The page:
on in admiration of each other’s respective challenges. People were sharing fork-lifts,
crew, making calls to someone saying, my trucks early, can you give me a hand unloading
it, there was a real sense of camaraderie; it was a great vibe. Even though it’s a commercial venture, it does
feel like a cultural festival so you all feel like you’re contributing to something
He says that TDIC minimised any impact the project had on guests
at the resort by booking out an entire wing of the hotel. “They hired it for the
whole time. They put up the artists and some of the production stuff in there, filling
it out with people involved in the event. At the end of the day, you can’t have
paying guests in there if you’re bringing in 100 trucks.”
In less than a week, the majlis was erected and transformed,
with four different sized decking area’s placed between the slate flooring. “Above
the deck we had what we called ‘hanging oasis frames’, and they were fabric printed
digitally with images that were hung on framework. They were then rigged from the
ceiling,” says Fleming, adding that real grass framed each raised deck, requiring
some particularly delicate TLC. “We had a team of guys up twice a day from Dubai to water it and take
care of it because there was no soil underneath so it really needed looking after.”
Imported live moss from the UK as well as live grass at the venue’s
entrance also required a green thumb. “The grass was laid on the 31st [almost a
week before Abu Dhabi Art began]and then we had to make sure that it wasn’t watered,
so to speak, because there was no drainage and also the fact that a lot of the ladies
were wearing high heels, so we sprayed it to prevent any water-logging,” she says.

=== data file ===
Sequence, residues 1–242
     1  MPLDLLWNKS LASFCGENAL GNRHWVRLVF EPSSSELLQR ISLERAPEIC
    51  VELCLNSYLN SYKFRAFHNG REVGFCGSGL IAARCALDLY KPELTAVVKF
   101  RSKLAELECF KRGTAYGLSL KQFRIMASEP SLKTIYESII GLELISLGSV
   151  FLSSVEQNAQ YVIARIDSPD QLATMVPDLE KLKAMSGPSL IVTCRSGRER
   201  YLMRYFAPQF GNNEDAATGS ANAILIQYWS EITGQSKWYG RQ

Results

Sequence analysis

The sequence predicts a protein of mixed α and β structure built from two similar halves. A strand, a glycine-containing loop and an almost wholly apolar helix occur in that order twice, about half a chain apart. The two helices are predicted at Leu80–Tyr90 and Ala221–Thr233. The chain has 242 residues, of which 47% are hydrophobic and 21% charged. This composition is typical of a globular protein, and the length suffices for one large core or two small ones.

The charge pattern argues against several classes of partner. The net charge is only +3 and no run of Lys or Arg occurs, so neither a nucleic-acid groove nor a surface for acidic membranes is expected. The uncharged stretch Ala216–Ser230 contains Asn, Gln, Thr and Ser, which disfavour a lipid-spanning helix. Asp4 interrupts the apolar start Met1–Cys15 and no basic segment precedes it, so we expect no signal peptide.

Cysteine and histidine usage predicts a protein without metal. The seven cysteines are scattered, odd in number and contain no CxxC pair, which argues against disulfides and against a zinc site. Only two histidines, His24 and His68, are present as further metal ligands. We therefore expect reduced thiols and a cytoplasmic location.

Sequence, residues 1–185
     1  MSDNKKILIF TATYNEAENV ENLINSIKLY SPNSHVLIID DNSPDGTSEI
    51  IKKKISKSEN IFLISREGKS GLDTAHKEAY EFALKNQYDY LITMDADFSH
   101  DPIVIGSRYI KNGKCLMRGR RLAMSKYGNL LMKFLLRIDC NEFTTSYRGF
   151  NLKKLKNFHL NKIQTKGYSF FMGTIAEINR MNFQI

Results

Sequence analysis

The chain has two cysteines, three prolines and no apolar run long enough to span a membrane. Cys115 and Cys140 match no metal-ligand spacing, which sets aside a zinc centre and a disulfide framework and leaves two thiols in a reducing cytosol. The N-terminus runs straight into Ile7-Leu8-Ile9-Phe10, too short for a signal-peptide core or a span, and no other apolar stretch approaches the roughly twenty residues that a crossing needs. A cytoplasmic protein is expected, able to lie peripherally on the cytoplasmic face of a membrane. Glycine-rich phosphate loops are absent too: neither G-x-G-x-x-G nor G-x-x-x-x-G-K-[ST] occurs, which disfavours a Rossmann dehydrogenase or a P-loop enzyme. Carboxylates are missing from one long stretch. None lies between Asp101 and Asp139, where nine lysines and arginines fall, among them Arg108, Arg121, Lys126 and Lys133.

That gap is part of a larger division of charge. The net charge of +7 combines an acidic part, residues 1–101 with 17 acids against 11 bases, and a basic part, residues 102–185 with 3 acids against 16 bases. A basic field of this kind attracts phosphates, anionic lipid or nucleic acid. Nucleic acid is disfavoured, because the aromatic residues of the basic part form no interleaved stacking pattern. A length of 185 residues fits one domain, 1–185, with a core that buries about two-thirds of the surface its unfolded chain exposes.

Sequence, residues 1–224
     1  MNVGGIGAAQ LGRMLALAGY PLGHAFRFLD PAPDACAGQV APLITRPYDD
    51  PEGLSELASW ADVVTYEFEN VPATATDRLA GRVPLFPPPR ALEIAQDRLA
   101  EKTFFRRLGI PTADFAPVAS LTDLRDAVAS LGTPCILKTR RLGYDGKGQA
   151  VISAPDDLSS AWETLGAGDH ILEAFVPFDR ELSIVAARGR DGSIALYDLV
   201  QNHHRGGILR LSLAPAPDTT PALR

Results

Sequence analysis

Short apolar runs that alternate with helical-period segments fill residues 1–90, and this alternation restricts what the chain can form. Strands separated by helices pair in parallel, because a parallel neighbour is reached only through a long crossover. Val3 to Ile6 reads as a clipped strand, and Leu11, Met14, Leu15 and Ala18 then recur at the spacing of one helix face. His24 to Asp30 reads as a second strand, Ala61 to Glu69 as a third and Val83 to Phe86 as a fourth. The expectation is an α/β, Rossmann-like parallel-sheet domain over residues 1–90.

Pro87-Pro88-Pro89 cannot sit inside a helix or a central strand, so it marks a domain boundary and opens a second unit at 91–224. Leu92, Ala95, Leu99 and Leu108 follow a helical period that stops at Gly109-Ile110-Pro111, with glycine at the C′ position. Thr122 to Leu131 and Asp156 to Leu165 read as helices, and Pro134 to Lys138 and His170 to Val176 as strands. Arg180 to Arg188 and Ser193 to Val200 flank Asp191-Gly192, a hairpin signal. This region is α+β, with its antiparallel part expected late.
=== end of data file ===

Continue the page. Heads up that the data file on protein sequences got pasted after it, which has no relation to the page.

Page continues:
The environmental theme was continued at the bar area, behind
which an “air plant wall” was installed. “We imported 200 air plants from the Czech Republic
and they were installed on steel wires by our florists. They are plants that survive
in air, they don’t need any water or soil to survive,” explains Fleming.
McDonald says that unlike concert-type events, where those involved
are almost all from the world of production, Abu Dhabi Art saw everyone from gallery
owners, artists, production and creative agencies working in tandem. “What’s
impressive is that when you consider those timeframes, you consider the valuable
pieces of art, the diverse mix of suppliers of site, the fact that it chugs away
and works is immense. It’s staggering to think that in such a short amount of time,
you can take Emirates
Palace and completely change
Wicked’s infrastructure responsibilities extended to the power
supply on site, which is totally reliant on generators.
“We ran power for both tents independently, so you have power
source for AC and a separate power source for other elements,” he says. “It’s quite
challenging with power and with toilets, when you’ve got an event that runs all
day in a prestigious event like Emirates Palace, when dealing with things like drainage,
fuel, water – all these types of elements. Things like that, that no one every thinks about,
are very challenging. When you’ve got a fancy hotel, trying to bring in sewage tanks,
and timing in and getting access to it.”
Back inside, McDonald says that as well as working to TDIC’s
requirements, his team worked tirelessly to meet the requests by participating artists
“You have five artists, who’ve been building up to this event
for months, who’ve all given you specs of the types of things they’d like you to
help them with, and you can’t disappoint. They’ll ask for a scattering of shelves
here and another one will ask for a series of projectors from the ceiling and you
have to figure out how to achieve it. And you’re never quite sure they’re going
to love it until they’ve seen it,” he says. “We’d done artists impressions, rendering,
everything we could to give them as realistic idea of how things will be. And fortunately,
everyone that came along was really happy - they were blown away.”